A Deadline and a Pandemic
Sunday night, I wrote “THE END” on the draft of my part of the verse novel MOONWALKING, the story of an unlikely interracial friendship in Brooklyn in 1982 from my white character JJ’s point of view. My co-author, Zetta Elliott, and I sold the book on proposal in August 2019, and the announcements in Publishers Weekly and Publishers Marketplace came out in December, long before the Covid-19 pandemic arrived in the U.S.
Selling a book on proposal is an act of faith for author, publisher, and agent. It’s far more common in nonfiction, where an author can do so with a sample chapter, a detailed outline of the rest of the book, and an annotated bibliography of comps, or comparable titles, that demonstrate a market for the topic but not duplication. Given that authors of nonfiction often have expenses associated with the writing of the book — from research travel to photo credits, from expert readers to the need for income while writing — the advance against royalties, essentially a loan that doesn’t have to be paid back if the book doesn’t sell well enough, is essential. Fiction is more often sold “on spec,” with the writer shouldering the cost while writing the entire book, because the expenses are generally fewer and voice, characterization, and story development are important and generally not easily conveyed by an outline. That is beginning to change though, with more work sold through book packagers who come up with a detailed outline and then hire the writer after an audition process. In addition, established authors with distinctive voices often sell books on proposal, with writing samples that range from 10 pages to half of the finished book, because they’re a known quantity.
MOONWALKING sold with about a tenth of the poems written along with a two-page synopsis and a table of contents that summarized the remaining poems — essentially a chapter-by-chapter outline. I had until April to finish the initial draft of my part; the final version is due in November so the novel can be ready for release in fall 2021. It seemed as though I had plenty of time to finish — at least seven months!
In mid-January, with about 40% of the poems written, I broke my ankle and needed surgery. Recovery was more complicated than I’d expected — first because of post anesthesia brain fog and then because I couldn’t sit up to work more than a few minutes at a time. In contrast to my prose novels, I write verse novels by hand in pencil in a notebook, revise into a second notebook also by hand and in pencil (with a big eraser), and only then type the poems into a Word file. That helped me make progress, slowly but steadily. I’d hoped to be done by the middle of March, but the beginning of April looked more likely. Good thing I started right away and got a head start.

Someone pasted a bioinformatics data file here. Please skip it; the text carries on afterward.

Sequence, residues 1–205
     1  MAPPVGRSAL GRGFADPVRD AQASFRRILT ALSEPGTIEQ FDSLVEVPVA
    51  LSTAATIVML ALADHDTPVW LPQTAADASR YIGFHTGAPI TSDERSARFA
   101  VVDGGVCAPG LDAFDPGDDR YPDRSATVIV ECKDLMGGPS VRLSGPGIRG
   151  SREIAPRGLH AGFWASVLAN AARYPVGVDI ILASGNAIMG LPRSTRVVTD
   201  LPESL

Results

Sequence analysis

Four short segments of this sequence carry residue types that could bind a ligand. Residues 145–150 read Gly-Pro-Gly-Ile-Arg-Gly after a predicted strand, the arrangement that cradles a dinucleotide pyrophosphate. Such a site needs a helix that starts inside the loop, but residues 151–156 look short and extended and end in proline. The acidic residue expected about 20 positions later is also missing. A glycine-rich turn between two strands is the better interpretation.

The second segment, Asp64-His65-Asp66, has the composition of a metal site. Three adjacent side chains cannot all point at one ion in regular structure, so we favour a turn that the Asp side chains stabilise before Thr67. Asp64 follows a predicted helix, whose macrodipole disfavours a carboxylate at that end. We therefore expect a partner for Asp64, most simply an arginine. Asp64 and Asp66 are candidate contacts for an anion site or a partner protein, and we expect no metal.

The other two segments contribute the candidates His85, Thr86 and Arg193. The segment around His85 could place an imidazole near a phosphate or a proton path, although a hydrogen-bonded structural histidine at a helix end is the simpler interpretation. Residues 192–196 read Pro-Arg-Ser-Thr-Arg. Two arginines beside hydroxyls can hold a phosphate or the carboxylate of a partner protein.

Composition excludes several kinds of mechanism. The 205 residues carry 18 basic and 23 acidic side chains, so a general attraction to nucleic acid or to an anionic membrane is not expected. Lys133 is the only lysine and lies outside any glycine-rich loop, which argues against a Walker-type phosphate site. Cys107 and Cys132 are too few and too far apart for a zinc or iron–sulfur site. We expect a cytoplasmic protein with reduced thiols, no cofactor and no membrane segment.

Then the Covid-19 pandemic hit. By early March, I’d made it two-thirds of the way through the draft. On top of spending way too much time reading the news, I came down with a suspected case of the ‘rona in mid-March, around the time the governor and mayor shut New York City down. Although I had a “very mild” case, it felt similar to my two-week ordeal with mono six years ago, though with a cough, some shortness of breath, and the terror of 1) knowing I could die, triaged out in an overcrowded hospital, and 2) our so-called president had left me to die along with my fellow New Yorkers and in fact wanted me dead due to my liberal beliefs and blue-state residency. The virus came with its own brain fog, most likely due to low oxygen levels, that hampered my productivity. On good days I wrote, but for the most part I waited until I felt fully recovered around the final few days of the month.
I know others have had a much harder time writing than I have. Perhaps they were sicker, had family members ill or children home from now-closed schools. A Twitter thread going around last month highlighted the great things artists and scientists accomplished while in isolation during past pandemics. Others criticized the guilt-inducing nature of that thread. (I retweeted a satiric “great isolation achievement” profile of questionable taste.) Knowing about my ankle and illness, Agent Jacqui reassured me that editors would understand a missed deadline, and she would be happy to broach the subject.
For me, though, the presence of a deadline — particularly after so many years of not having one, or a book contract that would generate one — helped me to focus on something besides my own health concerns. Writing a novel about a 12-year-old boy growing up in Brooklyn amid the graffiti and punk rock scene of the 1980s became an escape from today’s terrors, and testimony to the joy and healing power of art. For JJ — new to Brooklyn, friendless, and afraid — his growing skill at playing the guitar provides solace and encouragement. As my ankle has healed and I’ve made progress toward walking again, I’ve felt the same delight in being able to do something today that I was unable to do yesterday. Writing this novel has kept me going at a dark time. Two years from now, when Moonwalking becomes a real book, we’re on the other side of the pandemic, and (as the doctor has promised) I’m walking and running again, I will think of JJ as the imaginary friend who pulled me through.